Food Express, Inc. (FXI) a transporter of flour and malt barley throughout California for use in products such as bread, ramen noodles, tortillas and craft beer, has taken delivery of the first set of 46 new trucks for use on delivery routes. Eleven new ultra-low emission Kenworth T680 natural gas trucks contribute to California’s and FXI’s clean air solution.
Southern California Gas Co. (SoCalGas) and FXI announced the addition to the FXI fleet this week. The company, with the assistance of SoCalGas, applied for and received $1.1 million in grant funding for the new trucks which have already commenced deliveries. The purchase of 46 new trucks represents about 50 percent of FXI’s California fleet. Funding was received from the Prop 1B program administered by the San Joaquin Valley Air Pollution Control District and the California Hybrid and Zero-Emission Truck and Bus Voucher Incentive Program (HVIP).
FXI is on the wait list for an additional $900,000 in Prop 1B grants from the San Diego Air Pollution Control District, which would be used to purchase another 9 trucks. Replacing 55 diesel trucks with new ultra-low emission natural gas trucks is the equivalent of taking more than 3,100 passenger cars off the road.
“As the owner of a local business that’s been in my family for four generations, it is important that our company be part of the clean air solution,” said Kevin Keeney, vice president of Arcadia, Calif.-based Food Express, Inc. “We’ve heard from many customers over the last few years about ways we can make our operation more environmentally-friendly. Our fleet travels about 7.5 million miles in California each year and the technological advancements of these new heavy-duty engines made our decision to switch to natural gas trucks an easy choice.”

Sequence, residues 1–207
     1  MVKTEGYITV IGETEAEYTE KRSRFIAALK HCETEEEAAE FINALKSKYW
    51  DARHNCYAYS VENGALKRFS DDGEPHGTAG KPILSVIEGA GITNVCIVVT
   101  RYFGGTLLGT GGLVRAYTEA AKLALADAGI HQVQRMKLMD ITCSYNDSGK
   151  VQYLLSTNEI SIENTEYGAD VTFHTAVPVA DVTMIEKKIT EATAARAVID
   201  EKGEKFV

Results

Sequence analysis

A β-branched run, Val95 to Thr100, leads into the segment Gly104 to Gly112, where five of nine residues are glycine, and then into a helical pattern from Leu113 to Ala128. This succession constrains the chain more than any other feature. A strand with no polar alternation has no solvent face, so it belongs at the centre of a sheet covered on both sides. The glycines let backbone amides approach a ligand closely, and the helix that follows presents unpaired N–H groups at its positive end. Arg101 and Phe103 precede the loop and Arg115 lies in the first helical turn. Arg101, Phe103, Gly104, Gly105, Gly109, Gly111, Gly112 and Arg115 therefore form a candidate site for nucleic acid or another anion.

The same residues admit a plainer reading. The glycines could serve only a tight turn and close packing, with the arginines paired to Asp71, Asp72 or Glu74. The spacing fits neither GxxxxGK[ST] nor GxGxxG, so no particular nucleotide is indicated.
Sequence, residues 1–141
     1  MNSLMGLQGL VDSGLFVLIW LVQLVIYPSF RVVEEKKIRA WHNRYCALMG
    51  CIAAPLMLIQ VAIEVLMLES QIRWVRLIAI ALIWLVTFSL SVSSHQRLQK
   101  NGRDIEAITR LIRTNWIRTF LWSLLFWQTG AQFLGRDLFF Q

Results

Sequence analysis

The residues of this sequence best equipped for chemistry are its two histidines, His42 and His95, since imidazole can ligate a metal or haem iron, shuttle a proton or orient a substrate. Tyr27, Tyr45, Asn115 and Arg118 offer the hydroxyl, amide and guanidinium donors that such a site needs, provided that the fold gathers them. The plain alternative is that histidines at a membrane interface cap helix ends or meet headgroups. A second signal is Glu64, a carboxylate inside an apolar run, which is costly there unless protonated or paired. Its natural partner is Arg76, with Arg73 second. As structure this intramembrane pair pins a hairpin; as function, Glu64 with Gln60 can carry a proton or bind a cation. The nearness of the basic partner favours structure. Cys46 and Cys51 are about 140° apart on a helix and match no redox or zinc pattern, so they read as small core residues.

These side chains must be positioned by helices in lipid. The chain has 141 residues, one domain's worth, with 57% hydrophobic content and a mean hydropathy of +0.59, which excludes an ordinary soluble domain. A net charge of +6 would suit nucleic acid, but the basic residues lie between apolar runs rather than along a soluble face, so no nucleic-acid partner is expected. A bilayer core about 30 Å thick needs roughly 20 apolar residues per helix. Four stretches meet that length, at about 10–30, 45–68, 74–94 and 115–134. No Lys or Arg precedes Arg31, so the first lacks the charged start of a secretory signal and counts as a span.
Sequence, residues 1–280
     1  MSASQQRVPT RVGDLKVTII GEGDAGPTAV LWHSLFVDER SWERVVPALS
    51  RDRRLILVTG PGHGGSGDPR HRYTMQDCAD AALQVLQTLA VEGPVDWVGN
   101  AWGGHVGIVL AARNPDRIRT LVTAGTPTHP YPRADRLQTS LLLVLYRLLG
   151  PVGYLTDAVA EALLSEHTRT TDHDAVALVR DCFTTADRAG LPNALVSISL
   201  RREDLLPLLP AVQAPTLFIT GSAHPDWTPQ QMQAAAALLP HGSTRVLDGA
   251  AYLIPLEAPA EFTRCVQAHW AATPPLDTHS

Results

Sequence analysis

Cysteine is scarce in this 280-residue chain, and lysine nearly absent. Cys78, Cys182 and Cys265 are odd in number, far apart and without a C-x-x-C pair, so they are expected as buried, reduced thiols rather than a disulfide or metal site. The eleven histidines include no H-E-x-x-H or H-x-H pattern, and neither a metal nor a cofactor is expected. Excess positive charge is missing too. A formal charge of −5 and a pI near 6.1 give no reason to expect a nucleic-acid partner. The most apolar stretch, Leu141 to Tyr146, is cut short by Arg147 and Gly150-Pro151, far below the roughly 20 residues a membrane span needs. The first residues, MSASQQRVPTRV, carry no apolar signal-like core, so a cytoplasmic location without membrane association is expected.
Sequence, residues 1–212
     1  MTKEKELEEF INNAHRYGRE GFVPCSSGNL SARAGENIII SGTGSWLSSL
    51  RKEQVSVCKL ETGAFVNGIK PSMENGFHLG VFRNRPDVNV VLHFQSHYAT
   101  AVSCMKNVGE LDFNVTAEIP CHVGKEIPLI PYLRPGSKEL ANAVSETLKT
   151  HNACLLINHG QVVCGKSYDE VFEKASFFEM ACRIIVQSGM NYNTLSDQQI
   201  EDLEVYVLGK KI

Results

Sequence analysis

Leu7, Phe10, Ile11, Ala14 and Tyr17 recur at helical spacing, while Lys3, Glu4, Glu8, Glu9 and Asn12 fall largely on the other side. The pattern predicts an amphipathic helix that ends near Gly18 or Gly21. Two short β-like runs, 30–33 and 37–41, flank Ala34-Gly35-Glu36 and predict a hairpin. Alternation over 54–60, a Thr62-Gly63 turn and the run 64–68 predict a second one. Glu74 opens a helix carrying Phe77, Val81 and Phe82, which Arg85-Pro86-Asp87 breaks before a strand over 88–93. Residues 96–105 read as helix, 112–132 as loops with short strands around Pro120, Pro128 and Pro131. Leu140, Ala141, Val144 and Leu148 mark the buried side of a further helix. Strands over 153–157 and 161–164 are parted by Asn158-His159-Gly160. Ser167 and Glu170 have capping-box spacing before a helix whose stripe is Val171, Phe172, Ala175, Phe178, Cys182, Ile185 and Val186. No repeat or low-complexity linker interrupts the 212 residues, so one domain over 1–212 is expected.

“Over the last year, we’ve assisted SoCalGas customers with more than 400 applications for incentive funding to use for the trade in of existing diesel trucks for new natural gas ones,” said Yuri Freedman, senior director of business development for SoCalGas. “At a time when greenhouse gas emissions from the transportation sector are increasing, the move to clean technologies is vital if California is to achieve ambitious 2030 greenhouse gas emissions reduction goals and air quality goals. These new natural gas trucks represent the only solution commercially available and will have an immediate impact on air quality.”
The transportation sector is responsible for about 41 percent of California’s greenhouse gas emissions and more than 80 percent of the state’s NOx emissions. These new heavy-duty natural gas trucks cut smog-forming emissions by more than 90 percent compared to the cleanest heavy-duty diesel trucks on the road today. When these ultra-low emission natural gas trucks are fueled by renewable natural gas, greenhouse gas emissions are reduced by at least 80 percent. Already, close to 70 percent of natural gas fleets in California are fueled with renewable natural gas.
Results from a recent study conducted by the University of California, Riverside helps to understand one reason replacing these diesel trucks is so important. The study showed that NOx (smog-forming) emissions from diesel trucks are “actually much higher” than California Air Resources Board certification standards. The study cited poor performance of aftertreatment systems for diesel vehicles as the main reason. FXI replacing some of the oldest diesel trucks in its fleet with the ultra-low emission natural gas trucks will help achieve California’s clean air goals.
Headquartered in Los Angeles, SoCalGas® is the largest natural gas distribution utility in the United States. SoCalGas delivers affordable, reliable, clean and increasingly renewable natural gas service to 21.8 million customers across 24,000 square miles of Central and Southern California. The company is committed to being a leader in the region’s clean energy future, and is working to accelerate the use of renewable natural gas from dairy farms, landfills and wastewater treatment plants and the development of renewable energy storage technologies.